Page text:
RE: RE: RE: Those pesky tar/gz files!
> One thing that has thrown me for a loop getting into Linux is how the heck to install these compressed archived (Think ZIPped files in NT)???!!
I'd be happy to explain a bit about it. I don't claim to know everything about everything, (yet :) but file compression, even from a user standpoint, has always been an interest of mine.
> Even worse, some of them are GZ'd (GNU-Zipped) and then contain nothing but a TAR file. I am still so new to this, that it seems kinda stupid. Why TAR and GZ all together?? Oh well, I know how to work with them if I don't understand why...
Well, let's compare this. Tar is an archiver, and gzip is a compressor. In the DOS/Windows world, these things are one and the same (pkzip, winzip, whatever.)
When you zip a bunch of files, what it does is it archives a bunch of files together, compressing each one individually.
This is equivalent to gzipping all of the files, and then tarring them all together.
It's much easier (when you have two separate commands) to just tar all the files and gzip them together. Also, it allows you to compress redundant information between files. Therefore, using TAR+GZIP on source code should get you better compression than just using PKZIP.
To test this, you can also use PKZIP on zero compression (archiver) and then compress this with PKZIP on maximum compression (compressor).
That's the difference.
> Imagine you have one of these files. Pretend that it is called WeirdThing004.gz
That means the file name got mangled, downloading it dropped the tar extension.
> To extract it, type the following:
> gunzip WeirdThing004.gz; tar -xvf WeirdThing004
> This will unZip the GZ and then unTar the extracted contents. (This is one of the real nice things Linux has on NT - you can have multiple commands on one line
> - just separate them with a semicolon!!)
It's better than that, actually. Unix allows you to pipe commands, too. DOS/Windows does this too, but Unix does it better. :)
You could also type this:
gzip -dc WeirdThing004.gz | tar -xvf -
This does the same thing, except it uncompresses the file to stdout, and tar untars it from stdin, so you never waste the disk space equal to (GZ_FILE_SIZE - TAR_FILE_SIZE)
Another way to do this would be:
zcat WeirdThing004.gz | tar xvf -
Or if you're using GNU TAR, just do this:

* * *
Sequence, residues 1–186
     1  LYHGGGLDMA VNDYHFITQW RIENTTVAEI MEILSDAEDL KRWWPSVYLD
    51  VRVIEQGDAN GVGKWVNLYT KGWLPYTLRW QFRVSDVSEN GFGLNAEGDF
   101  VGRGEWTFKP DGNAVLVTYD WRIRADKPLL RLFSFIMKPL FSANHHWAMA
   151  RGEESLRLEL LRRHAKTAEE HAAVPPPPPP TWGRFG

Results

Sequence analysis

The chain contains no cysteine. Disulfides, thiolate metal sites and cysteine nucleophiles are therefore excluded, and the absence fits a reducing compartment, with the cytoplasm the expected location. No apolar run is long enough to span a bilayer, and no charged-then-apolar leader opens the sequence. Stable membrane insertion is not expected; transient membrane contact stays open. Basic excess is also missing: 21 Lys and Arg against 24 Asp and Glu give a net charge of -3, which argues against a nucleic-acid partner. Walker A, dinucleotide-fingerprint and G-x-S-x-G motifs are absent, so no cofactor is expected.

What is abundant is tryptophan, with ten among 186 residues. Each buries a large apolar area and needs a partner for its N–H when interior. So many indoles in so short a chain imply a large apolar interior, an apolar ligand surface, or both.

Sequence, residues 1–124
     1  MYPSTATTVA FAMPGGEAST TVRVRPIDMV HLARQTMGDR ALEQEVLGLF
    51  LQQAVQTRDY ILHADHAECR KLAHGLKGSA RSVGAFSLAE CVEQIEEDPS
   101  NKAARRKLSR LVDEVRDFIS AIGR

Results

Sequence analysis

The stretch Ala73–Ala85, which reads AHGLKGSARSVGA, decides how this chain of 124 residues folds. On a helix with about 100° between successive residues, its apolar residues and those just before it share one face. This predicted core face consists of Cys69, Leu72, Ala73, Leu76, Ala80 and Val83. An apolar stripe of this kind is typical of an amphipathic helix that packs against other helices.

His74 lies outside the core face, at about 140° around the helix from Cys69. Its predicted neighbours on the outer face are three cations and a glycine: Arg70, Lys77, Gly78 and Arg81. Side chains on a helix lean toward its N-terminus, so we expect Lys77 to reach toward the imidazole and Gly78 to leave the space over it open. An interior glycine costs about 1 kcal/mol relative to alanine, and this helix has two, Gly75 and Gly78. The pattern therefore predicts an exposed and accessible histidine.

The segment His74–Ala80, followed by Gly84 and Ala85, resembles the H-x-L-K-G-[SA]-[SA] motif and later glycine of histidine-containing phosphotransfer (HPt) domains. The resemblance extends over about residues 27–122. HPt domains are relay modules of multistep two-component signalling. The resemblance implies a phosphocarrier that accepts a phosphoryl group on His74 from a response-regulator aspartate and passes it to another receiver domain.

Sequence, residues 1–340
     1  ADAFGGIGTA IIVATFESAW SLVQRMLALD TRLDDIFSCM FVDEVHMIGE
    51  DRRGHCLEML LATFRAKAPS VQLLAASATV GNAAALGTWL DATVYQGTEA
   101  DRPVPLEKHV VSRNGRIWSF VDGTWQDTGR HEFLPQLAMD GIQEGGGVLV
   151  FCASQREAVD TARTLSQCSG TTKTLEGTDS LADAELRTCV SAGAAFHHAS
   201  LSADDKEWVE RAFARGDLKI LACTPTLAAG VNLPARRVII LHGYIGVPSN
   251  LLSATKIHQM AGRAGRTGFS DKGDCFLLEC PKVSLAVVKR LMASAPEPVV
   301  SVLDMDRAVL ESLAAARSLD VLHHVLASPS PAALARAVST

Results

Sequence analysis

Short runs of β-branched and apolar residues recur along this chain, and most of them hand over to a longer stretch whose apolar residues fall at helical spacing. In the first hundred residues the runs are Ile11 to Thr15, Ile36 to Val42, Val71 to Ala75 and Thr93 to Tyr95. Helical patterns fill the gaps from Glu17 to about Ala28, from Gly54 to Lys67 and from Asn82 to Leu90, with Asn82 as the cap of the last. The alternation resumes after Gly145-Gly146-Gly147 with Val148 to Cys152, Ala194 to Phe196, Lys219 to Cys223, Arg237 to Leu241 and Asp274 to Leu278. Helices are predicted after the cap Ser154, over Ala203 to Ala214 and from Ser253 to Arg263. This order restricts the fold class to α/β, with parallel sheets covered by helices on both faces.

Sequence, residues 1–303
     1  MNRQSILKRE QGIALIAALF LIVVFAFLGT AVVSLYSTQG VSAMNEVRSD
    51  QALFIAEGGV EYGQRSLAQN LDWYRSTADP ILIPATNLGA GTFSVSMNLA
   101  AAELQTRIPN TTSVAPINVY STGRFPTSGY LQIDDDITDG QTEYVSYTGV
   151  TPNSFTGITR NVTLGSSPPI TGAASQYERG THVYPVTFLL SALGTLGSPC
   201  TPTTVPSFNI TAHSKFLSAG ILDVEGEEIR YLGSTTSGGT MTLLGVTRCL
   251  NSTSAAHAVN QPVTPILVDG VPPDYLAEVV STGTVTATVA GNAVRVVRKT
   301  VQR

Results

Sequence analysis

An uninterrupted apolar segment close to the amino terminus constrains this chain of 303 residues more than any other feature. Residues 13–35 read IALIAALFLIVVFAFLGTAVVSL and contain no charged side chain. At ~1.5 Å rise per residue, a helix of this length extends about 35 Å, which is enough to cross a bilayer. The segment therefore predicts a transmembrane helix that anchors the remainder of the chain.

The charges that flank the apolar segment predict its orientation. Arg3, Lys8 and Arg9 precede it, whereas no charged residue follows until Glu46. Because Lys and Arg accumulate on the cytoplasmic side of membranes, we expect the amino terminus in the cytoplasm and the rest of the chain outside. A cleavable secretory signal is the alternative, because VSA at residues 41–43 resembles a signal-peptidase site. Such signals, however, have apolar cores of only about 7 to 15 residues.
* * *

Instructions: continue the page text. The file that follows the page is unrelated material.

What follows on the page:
tar xzvf WeirdThing004.gz
It's all the same thing.
> Typically you will have a RunME or Setup file inside the newly extracted contents. Run that to install it. (It's up to you to figure out what to actually do
> with the mess of files you just extracted, it doesn't seem to be de facto standardized like NT is with setup.exe to install things) Also not that Linux is kind
> weird about running program: even if you are in the proper directory (folder) that the executable file is located in, you still have to put "./" in front of
> the file to get it to run. Once again, I have no idea why, yet another stupid-seeming tweak of Linux.
> For example, if you are in the directory with a program called CoolGame, you need to type the following to get it to run:
> I have no idea WTF is with that, but it'll sure save you some headscratching if you know that ahead of time! :)
That's because . (the current directory) isn't automatically in your path, as it is in DOS/Windows.
This is for security reasons, because if root typed 'ls', and there was a compromised ls binary in his current working directory, and '.' was in his path, he would run that, and end up compromising his security instead of running /bin/ls, which is almost certainly what he meant to do.
Since DOS is always run as root, and Windows doesn't know any better, this is a non-issue there. To 'fix' this as a non-root user, put '.' in your path.
To fix this as a root user, install your (trusted) binaries into directories in your (and maybe everyone else's) path. (/usr/bin, maybe /usr/local/bin, possibly /usr/local/games, whatever.)
Hope this helps,
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